Unfortunately, it’s also one of those displays that suffer from significant visual degradation depending upon your viewing angle. Push the screen back a little and it goes dark; hinge it forwards and it goes pale; turn the Zenbook side to side and the display becomes difficult to read.
The provision of separate micro HDMI and VGA ports is a really good idea for the wandering presenter.
With the screen and my eyes in optimal position, the display looked great but this is not a computer that I’d find comfortable to share a presentation on with a huddle of people.
The keyboard is pretty good, though. Its metallic-looking keycaps do nothing for me style-wise but I enjoyed using the keyboard even though it can be difficult to read the symbols on the top row of Fn keys when the room is dimly lit. It’s possible to turn Wi-Fi on and off, adjust screen brightness, switch between displays, adjust audio volume and drop into Sleep mode directly from these Fn keys.
Top notch trackpad and a decent keyboard to boot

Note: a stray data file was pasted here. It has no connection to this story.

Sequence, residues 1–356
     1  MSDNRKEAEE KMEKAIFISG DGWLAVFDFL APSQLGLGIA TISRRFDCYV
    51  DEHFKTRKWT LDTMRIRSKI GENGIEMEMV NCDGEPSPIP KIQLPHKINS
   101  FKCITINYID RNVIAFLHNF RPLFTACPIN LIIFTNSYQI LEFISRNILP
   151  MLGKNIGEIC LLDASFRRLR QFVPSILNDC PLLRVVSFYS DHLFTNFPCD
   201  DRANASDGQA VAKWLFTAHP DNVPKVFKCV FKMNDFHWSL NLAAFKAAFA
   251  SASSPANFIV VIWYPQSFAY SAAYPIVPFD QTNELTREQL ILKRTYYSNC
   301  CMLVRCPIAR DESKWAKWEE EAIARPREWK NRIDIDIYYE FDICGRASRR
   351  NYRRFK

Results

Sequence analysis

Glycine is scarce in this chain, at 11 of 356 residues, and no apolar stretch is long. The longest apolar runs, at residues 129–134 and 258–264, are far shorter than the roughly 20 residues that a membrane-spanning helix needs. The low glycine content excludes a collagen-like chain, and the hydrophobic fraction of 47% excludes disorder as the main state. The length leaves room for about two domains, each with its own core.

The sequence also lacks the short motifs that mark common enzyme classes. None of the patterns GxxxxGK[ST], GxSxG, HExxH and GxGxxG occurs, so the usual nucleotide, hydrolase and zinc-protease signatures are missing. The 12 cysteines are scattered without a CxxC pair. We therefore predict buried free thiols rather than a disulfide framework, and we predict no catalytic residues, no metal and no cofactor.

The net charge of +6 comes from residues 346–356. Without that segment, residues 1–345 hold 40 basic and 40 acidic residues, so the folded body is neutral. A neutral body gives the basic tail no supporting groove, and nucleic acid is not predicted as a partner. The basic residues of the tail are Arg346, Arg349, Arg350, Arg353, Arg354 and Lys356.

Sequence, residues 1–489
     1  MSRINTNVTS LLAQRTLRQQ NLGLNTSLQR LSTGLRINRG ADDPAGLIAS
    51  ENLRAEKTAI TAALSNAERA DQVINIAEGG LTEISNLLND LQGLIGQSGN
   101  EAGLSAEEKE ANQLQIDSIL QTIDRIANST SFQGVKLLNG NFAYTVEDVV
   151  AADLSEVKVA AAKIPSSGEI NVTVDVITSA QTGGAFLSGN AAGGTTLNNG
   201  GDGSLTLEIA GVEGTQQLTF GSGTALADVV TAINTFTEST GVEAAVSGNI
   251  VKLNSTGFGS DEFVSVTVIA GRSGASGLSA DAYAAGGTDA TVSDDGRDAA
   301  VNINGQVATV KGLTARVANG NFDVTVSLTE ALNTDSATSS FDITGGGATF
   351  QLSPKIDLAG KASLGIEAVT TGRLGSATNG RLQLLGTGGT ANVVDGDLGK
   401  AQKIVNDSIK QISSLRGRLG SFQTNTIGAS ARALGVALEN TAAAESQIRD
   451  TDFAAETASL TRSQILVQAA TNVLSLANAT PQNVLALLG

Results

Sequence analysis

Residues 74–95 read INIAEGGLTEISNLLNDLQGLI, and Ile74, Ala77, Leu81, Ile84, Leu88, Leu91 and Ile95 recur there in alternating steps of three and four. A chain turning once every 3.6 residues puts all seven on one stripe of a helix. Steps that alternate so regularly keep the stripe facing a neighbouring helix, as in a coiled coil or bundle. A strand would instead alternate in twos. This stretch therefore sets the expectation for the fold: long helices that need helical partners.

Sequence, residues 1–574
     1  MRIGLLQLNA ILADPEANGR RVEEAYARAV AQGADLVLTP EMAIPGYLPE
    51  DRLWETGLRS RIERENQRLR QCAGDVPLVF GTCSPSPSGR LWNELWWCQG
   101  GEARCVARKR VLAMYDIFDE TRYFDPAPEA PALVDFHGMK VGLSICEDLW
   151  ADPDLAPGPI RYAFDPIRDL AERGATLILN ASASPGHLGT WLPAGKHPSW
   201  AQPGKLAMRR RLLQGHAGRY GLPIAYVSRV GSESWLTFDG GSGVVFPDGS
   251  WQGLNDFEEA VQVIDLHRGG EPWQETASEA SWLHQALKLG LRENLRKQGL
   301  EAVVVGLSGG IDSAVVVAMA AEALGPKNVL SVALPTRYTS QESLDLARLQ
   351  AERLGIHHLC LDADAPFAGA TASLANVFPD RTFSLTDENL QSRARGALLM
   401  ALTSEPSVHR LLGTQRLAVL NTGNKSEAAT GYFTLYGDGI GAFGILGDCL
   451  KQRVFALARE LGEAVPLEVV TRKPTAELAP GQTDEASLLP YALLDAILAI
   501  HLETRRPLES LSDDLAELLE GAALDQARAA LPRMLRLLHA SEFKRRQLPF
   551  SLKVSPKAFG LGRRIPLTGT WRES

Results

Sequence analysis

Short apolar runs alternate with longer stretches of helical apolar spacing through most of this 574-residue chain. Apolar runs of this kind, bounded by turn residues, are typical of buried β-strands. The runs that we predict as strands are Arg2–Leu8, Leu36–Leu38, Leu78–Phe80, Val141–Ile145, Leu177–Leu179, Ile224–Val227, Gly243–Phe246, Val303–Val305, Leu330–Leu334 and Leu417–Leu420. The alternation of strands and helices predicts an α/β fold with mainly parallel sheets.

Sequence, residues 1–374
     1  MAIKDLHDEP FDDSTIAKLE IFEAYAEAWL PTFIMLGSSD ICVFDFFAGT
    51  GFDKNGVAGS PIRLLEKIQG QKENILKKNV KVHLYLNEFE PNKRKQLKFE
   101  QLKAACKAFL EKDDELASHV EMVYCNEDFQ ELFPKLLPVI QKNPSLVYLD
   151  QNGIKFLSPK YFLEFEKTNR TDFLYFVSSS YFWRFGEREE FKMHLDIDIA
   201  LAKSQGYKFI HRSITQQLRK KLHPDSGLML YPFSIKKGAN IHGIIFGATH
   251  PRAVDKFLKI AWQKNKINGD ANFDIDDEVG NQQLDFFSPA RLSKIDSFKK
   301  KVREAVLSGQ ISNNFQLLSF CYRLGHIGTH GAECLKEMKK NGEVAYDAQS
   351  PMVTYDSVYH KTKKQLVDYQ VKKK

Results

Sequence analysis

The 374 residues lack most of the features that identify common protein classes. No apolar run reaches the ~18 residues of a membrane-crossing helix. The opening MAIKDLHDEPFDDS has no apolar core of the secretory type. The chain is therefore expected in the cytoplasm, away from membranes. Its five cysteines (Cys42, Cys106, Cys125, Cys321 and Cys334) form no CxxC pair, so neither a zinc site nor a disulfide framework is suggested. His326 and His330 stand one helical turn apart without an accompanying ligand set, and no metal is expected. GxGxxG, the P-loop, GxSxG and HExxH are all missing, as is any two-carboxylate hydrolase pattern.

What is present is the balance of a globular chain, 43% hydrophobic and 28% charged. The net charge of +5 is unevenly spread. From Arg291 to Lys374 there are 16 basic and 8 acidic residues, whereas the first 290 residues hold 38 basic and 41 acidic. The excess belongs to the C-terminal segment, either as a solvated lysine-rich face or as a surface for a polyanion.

In front of the keyboard is a well-sized (roughly 10x7cm) trackpad with big, clearly defined left- and right-click areas and a perfectly smooth surface. It supports basic two-finger multitouch gestures such as for scrolling and for swiping between programs, and it supports gentle touch-taps instead of clicks without having to disable the click areas. I found the trackpad very easy to use - indeed, it was one of the best I have tried on a Windows notebook.
I have complained in the past about noisy notebooks. The Zenbook is, unless you place your ear directly against the underside, silent. Bliss. It’s also a modest consumer of mains energy, sucking up around 15W on a fast recharge, 27-30W while in use and recharging at the same time, dropping to about 20W when fully charged. This perhaps helps explain why I was unable to get the Zenbook to heat up. No matter what I did, it remained steadfastly cool underneath.
PCMark 7 Results
Longer bars are better
PCMark 7 Battery Life Results
Battery life in minutes
Longer bars are better